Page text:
Two issues that will be discussed this week when the National Association of Insurance Commissioners meets for its fall meeting in St. Louis are a new draft of the Viatical Settlements Model Act as well as the procedure for establishing product standards for the Interstate Insurance Product Regulation Commission.

In the latest effort to reach consensus on changes to the viatical model, North Dakota Commissioner Jim Poolman, who also chairs the NAIC’s Life & Annuities “A” Committee, released a 39-page draft of a revised model.

Key points in the model include a ban on settling a life insurance contract for 5 years after contract issuance or at any time prior to the application or issuance of the policy.

The draft leaves exceptions for circumstances such as the death of the viator’s spouse or divorce of that spouse.

The model also includes disclosure requirements for viatical settlement brokers, viatical settlement providers and life insurance companies.

Poolman says the draft is a starting point for discussion that he hopes will move the model out of “A” committee to executive and plenary by the end of the year so that it can be ready for commissioners and state legislatures at the start of 2007.

The initial reaction of insurers and producers is support for the concept, says Michael Lovendusky, associate general counsel with the American Council of Life Insurers, Washington. Lovendusky says industry support includes the Association for Advanced Life Underwriting and the National Association of Insurance and Financial Advisors, both in Falls Church, Va.; and the National Association of Independent Life Brokerage Agencies, Fairfax, Va.

Lovendusky notes that the draft helps prevent inappropriate life settlements while offering protections to a broader group of consumers including those consumers facing divorce.

“It is a step in the right direction. There are many good elements here,” says Doug Head, executive director of the Life Insurance Settlements Association, Orlando, Fla. The one point that LISA would disagree with, says Head, is the limitation on the sale of a contract outside of the contestability period.

The 5-year moratorium on selling a contract is still “troublesome,” says Scott Cipinko, an industry interested party. However, he notes that the draft does include interesting points such as clarifying the definition of premium financing.

But Birny Birnbaum, executive director of the Center for Economic Justice, Austin, Texas, and a NAIC funded consumer representative, maintains that “it is a terrible proposal. It not only takes away fundamental consumer rights of ownership and disposition of policies,” but also does not address the issue of stranger-owned life insurance.

It will be “a nuclear bomb for the secondary market,” he adds.

One of the things that is a concern, according to Birnbaum, is that “regulators are letting insurance companies kill the secondary market without a policy debate. It reinstalls a monopoly for insurers.” Birnbaum says it is a matter of product pricing that incorporates lapse assumptions. If policies do not lapse, those assumptions create a problem for insurers, he notes.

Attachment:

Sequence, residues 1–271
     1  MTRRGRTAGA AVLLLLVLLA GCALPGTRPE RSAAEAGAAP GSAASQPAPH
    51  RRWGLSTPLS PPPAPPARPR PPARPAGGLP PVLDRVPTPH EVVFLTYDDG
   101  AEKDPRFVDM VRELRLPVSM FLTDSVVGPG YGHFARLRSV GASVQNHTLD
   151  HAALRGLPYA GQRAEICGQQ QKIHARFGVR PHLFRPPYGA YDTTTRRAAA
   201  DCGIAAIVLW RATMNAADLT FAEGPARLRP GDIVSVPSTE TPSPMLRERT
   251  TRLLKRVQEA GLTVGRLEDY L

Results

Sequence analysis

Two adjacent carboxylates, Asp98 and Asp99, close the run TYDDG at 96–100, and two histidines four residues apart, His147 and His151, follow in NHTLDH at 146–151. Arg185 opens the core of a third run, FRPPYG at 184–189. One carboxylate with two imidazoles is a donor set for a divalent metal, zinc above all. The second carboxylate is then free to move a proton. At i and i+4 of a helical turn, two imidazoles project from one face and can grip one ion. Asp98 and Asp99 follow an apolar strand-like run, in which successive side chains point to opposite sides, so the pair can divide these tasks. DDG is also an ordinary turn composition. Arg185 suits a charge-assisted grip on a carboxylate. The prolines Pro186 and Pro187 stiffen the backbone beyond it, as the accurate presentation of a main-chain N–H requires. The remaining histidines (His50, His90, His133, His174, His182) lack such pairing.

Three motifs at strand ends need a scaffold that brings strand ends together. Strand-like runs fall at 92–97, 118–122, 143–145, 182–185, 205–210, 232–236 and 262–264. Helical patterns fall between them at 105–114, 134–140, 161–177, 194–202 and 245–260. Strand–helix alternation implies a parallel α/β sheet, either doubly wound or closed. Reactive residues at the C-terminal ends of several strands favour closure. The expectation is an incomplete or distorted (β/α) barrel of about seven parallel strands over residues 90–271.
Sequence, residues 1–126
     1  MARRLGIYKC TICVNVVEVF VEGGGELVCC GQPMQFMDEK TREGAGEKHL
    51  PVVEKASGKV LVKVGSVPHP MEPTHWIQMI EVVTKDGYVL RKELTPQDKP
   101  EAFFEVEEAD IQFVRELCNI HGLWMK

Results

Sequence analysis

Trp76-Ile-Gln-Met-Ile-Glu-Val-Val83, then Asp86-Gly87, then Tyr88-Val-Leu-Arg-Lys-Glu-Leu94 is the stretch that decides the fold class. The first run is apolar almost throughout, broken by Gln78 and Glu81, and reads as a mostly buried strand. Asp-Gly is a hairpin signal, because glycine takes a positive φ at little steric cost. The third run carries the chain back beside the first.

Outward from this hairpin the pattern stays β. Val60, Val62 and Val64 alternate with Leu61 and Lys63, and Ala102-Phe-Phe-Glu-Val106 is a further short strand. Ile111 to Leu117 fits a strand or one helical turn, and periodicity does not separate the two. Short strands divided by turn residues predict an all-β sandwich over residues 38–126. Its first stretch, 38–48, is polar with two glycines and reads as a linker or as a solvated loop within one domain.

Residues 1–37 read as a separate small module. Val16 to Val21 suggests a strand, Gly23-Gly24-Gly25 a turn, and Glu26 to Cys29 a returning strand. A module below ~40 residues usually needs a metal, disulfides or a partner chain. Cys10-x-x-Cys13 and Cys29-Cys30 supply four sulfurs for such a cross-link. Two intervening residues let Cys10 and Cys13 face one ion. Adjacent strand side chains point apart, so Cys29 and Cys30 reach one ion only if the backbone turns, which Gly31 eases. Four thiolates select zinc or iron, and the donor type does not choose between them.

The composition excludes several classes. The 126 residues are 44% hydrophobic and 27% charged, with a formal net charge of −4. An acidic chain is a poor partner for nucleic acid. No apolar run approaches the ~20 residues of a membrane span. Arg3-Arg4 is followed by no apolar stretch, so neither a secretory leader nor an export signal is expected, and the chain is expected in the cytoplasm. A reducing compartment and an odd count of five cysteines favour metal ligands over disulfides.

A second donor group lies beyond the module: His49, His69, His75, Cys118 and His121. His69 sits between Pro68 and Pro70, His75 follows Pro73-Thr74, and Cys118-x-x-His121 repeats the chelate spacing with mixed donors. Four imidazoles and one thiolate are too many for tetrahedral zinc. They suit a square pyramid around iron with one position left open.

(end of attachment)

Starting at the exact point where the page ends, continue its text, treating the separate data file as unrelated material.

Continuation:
As a point of reference, Birnbaum notes that insurers are trying to include wording in product standards for the Interstate Insurance Product Regulation Commission that would allow insurers to ask consumers whether they had ever considered a life settlement prior to purchase of a contract.

Insurance representatives have stressed that they need to ask such questions in order to properly underwrite contracts.

The issue of procedure was one raised during a discussion by the interim Management Committee of the commission.

During a conference call, the commission voted to expose one draft rule for establishing public inspection procedures and copying of information as well as product standards for flexible premium adjustable life, joint last to die survivorship flexible premium adjustable life, flexible premium variable adjustable life, joint last to die survivorship flexible premium variable adjustable life, and modified single premium adjustable life.

Birnbaum says in a Sept. 4 letter to the commission that the proposals under consideration were developed in non-public meetings and that with their release only 2 business days before a conference call, there was no real interest in public comment.

In his letter, Birnbaum also notes that the rule on public access fails to declare that filings to the commission are public information upon filing.

In a letter of resignation dated Aug. 31, Bonnie Burns, a consumer advocate and a training and policy specialist with California Health Advocates, Scotts Valley, Calif., wrote that one of the reasons for her resignation was that views of consumer advocates “have generally not been well received” by commission members. Another reason she cited was “some meetings have not been open to public participation and decisions made in those meetings are later voted on during conference calls without much discussion, or adequate time for review and comment.”

Burns proceeded to say that she has a “long record of supporting state-based regulation and opposing federal regulation when it could deprive consumers of their rights or effective regulatory oversight.” But, she continues, “based on my experience representing consumer interests before the commission, I believe the compact is failing to protect consumer interests.”

In her resignation letter Burns also noted that the time commitment needed to effectively offer consumer representation was not something that she would be able to provide. In order to offer such representation, she wrote, several full-time consumer representatives would be needed.